Tuesday, September 20, 2016

Career Shift: Truck Drivers

Throughout high school, I had a total of one teacher that suggested an alternative to a four year college degree. Unfortunately, I wish she had gone into more details about how to become an electrician, plumber, construction worker, or truck driver. She simply summed all these options up as going to vocational school. Going to a trade school.

She told us that a trade school only takes 2 years and offers paid training. However, being the brainwashed little teens that we were at the time, we were convinced that a four year college degree was the way to go. How naïve we were.

Recently, I've heard a report that the American Trucking Association is predicting a shortage of 50,000 truck drivers in the industry. This article from CNN Money has the title that companies are willing to pay truck drivers $73,000. Stumbling upon this headline was shocking. After all, I did a quick google search to look up the median salary for a truck driver. The statistic was as recent as 2012 and said that the median salary for a truck driver was only $38,200. There seems to be a large disconnect between these two articles.

I listened to Christopher Cantwell's radical agenda last week and heard that this one guy was offered a truck driving job that paid $60,000 a year. On a different episode of the same show, one caller was talking about how desperate companies were for truck drivers that they were taking almost everyone regardless of the quality of their driving.

I talked to my buddy the other day, and he was telling me his dad signed on with a company that is paying him a six figure salary. Of course, my friend's dad had been driving for close to ten years.

On a more personal note, I've seen trucks themselves painted with ads trying to recruit drivers and even stating how much a driver got paid per mile.

I'm not sure what is causing this shortage but I can understand why young people wouldn't want to drive tractor trailers. You can be away from home for several weeks at a time and your entire job is a commute that never ends. If there is a shortage, I can only assume that the workloads are very tough in this economy. But, if you don't have a wife or kids (and don't want them either), this could be the perfect opportunity for any man going his own way.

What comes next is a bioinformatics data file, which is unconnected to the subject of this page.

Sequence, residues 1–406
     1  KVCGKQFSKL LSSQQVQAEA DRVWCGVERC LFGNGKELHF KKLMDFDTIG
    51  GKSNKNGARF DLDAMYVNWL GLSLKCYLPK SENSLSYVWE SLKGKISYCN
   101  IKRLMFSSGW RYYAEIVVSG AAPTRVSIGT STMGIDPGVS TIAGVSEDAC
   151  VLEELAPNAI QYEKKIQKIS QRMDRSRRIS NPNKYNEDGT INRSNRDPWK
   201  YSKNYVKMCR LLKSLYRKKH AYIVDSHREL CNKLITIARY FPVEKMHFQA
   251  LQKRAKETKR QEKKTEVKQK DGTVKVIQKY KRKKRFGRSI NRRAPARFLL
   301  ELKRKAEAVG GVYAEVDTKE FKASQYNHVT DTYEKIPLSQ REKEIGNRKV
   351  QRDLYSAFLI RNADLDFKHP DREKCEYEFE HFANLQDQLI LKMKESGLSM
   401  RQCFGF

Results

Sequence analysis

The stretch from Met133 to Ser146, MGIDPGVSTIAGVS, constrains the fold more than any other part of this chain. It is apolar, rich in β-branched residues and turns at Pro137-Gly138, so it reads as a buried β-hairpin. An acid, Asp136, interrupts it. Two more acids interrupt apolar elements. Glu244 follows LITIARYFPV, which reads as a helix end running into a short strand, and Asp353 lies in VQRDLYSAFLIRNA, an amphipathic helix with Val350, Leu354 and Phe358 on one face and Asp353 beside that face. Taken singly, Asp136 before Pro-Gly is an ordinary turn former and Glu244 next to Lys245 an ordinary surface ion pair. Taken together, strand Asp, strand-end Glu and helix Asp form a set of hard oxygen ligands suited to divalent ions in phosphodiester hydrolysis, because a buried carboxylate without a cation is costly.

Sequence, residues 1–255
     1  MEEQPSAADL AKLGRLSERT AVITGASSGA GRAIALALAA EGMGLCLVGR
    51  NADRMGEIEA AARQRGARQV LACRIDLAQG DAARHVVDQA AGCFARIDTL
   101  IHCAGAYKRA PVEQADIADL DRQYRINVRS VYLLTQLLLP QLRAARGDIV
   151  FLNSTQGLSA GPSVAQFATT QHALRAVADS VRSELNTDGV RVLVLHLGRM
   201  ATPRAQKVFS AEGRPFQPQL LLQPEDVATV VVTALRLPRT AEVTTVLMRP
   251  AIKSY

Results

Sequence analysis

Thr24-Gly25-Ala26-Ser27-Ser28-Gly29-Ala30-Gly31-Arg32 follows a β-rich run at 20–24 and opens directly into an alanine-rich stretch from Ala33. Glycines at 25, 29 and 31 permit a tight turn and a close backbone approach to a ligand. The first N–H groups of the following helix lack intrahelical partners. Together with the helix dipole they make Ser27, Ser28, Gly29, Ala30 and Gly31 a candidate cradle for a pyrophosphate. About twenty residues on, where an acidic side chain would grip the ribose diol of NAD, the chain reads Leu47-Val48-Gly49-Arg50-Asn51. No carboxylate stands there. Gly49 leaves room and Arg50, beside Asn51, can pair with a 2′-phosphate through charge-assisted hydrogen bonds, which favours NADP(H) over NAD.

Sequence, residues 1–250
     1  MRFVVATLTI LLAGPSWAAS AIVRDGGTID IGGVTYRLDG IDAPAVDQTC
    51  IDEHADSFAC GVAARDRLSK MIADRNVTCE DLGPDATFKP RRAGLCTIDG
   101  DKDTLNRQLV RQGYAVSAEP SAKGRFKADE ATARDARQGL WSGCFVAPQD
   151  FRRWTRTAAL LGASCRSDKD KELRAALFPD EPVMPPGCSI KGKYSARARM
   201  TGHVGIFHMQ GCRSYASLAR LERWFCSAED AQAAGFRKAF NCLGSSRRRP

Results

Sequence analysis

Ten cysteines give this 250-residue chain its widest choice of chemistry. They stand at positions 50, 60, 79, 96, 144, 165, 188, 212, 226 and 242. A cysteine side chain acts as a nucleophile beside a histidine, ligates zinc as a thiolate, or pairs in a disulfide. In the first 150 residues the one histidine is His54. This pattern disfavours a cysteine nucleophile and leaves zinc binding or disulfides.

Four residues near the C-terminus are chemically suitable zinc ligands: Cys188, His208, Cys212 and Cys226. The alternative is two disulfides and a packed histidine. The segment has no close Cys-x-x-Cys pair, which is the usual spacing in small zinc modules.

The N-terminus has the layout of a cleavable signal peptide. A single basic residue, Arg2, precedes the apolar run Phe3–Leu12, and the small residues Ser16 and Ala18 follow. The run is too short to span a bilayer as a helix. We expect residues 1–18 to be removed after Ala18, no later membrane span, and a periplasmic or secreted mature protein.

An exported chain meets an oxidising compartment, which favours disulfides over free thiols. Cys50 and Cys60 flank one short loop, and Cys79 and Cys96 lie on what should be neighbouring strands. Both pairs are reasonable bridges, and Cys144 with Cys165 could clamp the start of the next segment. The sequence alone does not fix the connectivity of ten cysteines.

The training would include getting a commercial drivers license and I'm sure companies might require an extensive training program before delivering loads.

I think that driving trucks might be one of the better job opportunities out there. This might a period of a few years where a lot of money can be made driving trucks. Well, at least until tractor trailers become automated like the self driving Tesla cars.

Saturday, September 17, 2016

Tent cities across America

Linked directly from ZeroHedge, I stumbled across this article talking about tent cities popping up all over America. The title of the article alone was alarming enough for me to actually read this article. When "tent cities" in America is mentioned, the first images that come to mind are images of America during the Great Depression. But since it is 2016 (the current year), it is hard to imagine that tent cities should exist in a significant number. At least it should be significant enough to be reported on.

Low and behold, the article states that more than 500,000 Americans today are homeless. Considering the population of America is 320 million, the total percentage of homeless Americans is a mere fraction of a percent.. However, to put things in perspective, 500,000 is about the total population of Sacramento, California.

The article further links to Wikipedia a list of recognized tent cities all across America (with several being in California and Oregon). These tent cities only accommodate dozens of people so it can be assumed that there are far more tent cities that are unrecognized.

By looking at the list of tent cities, it looks like a lot of them cluster around big liberal cities with really high costs of living.